We shouldn't tell people lies that they'll be guaranteed a job after college and we shouldn't tell everyone that they should go to college. For many careers, you will need a college degree but for most of them, you don't need a specific college degree. For graduate school, you can usually have any undergraduate degree.
Anyway, I think college is great, I loved college, I just think people have the wrong expectations from it.
I've known lots of people who went into electrical engineering and couldn't get a job as an electrical engineer. They were able to get jobs in other fields though.
And as I stated, college isn't for everyone but in general, the goal isn't to get a job. I also think that everyone should have an eye for the future in general and if they think college degree isn't part of that future for whatever reason, then there is no problem with that.
People who tell you to go in undecided either had their parents bank rolling them or went to school a decade or earlier ago. Don't go in undecided, most programs have a specific track that you will be behind in if you don't start quickly.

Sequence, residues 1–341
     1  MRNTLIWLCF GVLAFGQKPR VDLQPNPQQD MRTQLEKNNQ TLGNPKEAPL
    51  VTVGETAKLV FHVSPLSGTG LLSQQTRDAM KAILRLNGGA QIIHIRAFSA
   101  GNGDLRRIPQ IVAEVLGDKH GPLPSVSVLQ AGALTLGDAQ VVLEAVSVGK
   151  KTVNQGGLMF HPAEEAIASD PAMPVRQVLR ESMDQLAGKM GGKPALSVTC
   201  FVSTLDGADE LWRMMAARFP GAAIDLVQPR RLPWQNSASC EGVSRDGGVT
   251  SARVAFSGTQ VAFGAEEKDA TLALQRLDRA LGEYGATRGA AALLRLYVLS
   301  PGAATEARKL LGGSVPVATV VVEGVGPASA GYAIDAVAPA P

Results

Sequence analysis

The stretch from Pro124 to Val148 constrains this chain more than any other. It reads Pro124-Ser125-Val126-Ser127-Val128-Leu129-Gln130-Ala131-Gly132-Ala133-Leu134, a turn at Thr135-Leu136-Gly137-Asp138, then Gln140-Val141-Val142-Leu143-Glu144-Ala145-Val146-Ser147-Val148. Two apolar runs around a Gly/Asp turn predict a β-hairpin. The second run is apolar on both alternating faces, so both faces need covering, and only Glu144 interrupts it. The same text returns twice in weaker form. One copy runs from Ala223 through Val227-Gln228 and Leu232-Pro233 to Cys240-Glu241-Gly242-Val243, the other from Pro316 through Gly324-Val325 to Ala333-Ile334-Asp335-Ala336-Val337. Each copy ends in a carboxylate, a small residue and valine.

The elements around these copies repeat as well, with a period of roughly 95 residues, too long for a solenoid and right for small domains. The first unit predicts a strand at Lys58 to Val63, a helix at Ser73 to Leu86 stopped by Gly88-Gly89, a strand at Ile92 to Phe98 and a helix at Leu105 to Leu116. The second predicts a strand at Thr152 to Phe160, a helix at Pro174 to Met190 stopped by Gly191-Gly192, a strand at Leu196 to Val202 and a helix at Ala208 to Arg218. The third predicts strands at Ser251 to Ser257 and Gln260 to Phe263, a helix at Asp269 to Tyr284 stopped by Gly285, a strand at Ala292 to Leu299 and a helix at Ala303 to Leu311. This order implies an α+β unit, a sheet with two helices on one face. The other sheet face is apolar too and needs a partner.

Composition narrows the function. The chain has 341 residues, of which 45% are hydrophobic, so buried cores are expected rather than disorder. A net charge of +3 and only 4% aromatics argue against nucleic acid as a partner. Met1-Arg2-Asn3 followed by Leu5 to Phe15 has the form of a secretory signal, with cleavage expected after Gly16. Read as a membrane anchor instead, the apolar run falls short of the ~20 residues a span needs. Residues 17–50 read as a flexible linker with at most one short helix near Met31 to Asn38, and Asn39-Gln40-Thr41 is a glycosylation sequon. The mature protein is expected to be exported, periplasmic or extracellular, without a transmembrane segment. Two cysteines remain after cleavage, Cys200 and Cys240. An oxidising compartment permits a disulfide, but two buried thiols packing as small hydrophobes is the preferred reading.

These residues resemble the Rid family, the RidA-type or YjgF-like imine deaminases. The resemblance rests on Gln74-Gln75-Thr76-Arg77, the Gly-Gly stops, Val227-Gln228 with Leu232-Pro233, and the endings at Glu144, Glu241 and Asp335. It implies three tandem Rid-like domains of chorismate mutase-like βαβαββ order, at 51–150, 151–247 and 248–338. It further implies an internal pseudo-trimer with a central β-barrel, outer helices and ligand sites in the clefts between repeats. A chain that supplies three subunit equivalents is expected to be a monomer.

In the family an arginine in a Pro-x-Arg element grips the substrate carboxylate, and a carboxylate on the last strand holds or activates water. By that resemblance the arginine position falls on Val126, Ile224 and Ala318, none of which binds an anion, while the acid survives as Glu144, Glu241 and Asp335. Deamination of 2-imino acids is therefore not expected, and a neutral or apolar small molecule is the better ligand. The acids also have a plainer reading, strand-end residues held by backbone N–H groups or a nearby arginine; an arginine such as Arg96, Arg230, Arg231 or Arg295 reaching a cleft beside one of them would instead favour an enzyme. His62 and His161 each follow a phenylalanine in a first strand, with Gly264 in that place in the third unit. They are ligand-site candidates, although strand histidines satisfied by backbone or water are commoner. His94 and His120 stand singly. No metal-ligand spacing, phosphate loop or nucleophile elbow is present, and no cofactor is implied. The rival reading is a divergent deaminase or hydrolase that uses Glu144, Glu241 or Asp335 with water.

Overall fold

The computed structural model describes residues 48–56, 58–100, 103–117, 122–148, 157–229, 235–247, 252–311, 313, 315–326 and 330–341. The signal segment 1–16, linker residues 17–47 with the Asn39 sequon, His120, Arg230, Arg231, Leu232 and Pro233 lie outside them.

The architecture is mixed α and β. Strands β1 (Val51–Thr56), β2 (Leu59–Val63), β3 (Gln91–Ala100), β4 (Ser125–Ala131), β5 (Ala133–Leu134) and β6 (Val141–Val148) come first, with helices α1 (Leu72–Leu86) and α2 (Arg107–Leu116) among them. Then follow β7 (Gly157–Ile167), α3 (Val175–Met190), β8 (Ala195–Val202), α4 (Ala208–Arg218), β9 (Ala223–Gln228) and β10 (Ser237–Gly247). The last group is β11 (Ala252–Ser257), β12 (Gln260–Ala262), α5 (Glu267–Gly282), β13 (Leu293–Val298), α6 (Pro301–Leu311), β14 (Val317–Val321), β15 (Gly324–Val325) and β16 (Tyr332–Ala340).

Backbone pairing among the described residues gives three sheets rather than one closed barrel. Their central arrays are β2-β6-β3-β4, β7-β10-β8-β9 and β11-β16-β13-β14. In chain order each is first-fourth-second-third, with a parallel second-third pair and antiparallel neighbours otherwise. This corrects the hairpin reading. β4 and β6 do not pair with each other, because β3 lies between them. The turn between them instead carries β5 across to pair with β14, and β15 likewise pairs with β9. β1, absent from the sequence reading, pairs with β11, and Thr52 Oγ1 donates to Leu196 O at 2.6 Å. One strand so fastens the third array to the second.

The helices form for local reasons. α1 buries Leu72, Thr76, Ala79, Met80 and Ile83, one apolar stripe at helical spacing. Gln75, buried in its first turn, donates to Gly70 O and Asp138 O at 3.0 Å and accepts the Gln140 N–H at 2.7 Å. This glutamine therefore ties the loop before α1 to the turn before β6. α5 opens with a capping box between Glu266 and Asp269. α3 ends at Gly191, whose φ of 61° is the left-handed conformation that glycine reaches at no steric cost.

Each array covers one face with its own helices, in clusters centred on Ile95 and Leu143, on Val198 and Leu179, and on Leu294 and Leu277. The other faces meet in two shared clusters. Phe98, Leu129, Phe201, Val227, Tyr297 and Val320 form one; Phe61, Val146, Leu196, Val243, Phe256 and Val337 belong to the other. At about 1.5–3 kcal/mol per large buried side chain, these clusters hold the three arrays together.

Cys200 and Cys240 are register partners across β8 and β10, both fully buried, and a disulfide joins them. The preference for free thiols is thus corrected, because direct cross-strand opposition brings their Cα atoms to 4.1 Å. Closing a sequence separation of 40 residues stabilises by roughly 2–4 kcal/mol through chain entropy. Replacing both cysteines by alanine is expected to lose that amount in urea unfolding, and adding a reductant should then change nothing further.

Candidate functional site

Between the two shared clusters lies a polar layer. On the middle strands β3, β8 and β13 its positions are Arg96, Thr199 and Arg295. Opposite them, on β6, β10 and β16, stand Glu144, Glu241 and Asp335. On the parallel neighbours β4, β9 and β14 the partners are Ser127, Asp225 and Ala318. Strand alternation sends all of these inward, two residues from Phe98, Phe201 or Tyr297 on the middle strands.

Don't go into something that doesn't interest you, you are dedicating at least 4 years to something and you will likely be dead in another 40-50 years.
If you aren't already interested in engineering then don't go into it.
The costs of school have risen dramatically
I have attached how much tuition has been at my school. It is nearing on 8k currently
With 2500 dollar tuition I would have stayed in school at least 10 more years. Holy ****, talk about the good ol days.
CSU tuition has always been crazy inexpensive. I graduated from a UC but started at a private university. The tuition for my first 2 years was $19k/each and then last 3 were $9k/each.
Oh and the funny thing was that I actually paid less at the private university due to more loans/grants than at the UC.